Marked by a dotted underscore that indicates that other Kindle users have found the passages significant, popular highlights constitute crowd-sourced literary criticism. Readers, on the spot and yet collaboratively, make meaning of what they’re reading. The effect is odd — even for those of us who see literature as something readers determine incrementally and collectively.
Click on the popular-highlight passages and you will discover exactly how many Kindle readers have singled them out. “Happiness is the consequence of personal effort,” for example, was evidently highlighted 1,626 times (as of this writing) in “Eat, Pray, Love,” by Elizabeth Gilbert. In Abraham Verghese’s “Cutting for Stone,” 1,547 Kindle users cottoned to “Life, too, is like that. You live it forward, but understand it backward.”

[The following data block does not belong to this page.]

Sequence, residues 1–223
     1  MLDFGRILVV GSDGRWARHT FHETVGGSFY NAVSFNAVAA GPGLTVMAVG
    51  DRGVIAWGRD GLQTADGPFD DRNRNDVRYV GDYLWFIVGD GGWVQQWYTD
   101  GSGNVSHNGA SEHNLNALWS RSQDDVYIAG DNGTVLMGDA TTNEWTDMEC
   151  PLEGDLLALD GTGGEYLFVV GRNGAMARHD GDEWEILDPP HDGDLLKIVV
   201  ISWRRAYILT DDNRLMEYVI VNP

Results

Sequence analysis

Sounds about right. But many writers don’t write aphoristically, and many readers don’t read for aphorisms. In a popularly highlighted world, we all may begin to. The dotted line, like the distinctive hue or underscore that signals a word is clickable on the Web, may be a new kind of punctuation that affects contemporary style. (Amazon reports that its most heavily highlighted books include Malcolm Gladwell’s “Outliers” and Randy Pausch’s “Last Lecture” as well as the Verghese novel and the Gilbert memoir.)
Sunday, October 17, 2010
Alone enough to read
At the Times Magazine, Virginia Heffernan on the oddity of the Kindle popular highlights feature (which I am going to disable now that I know I can!):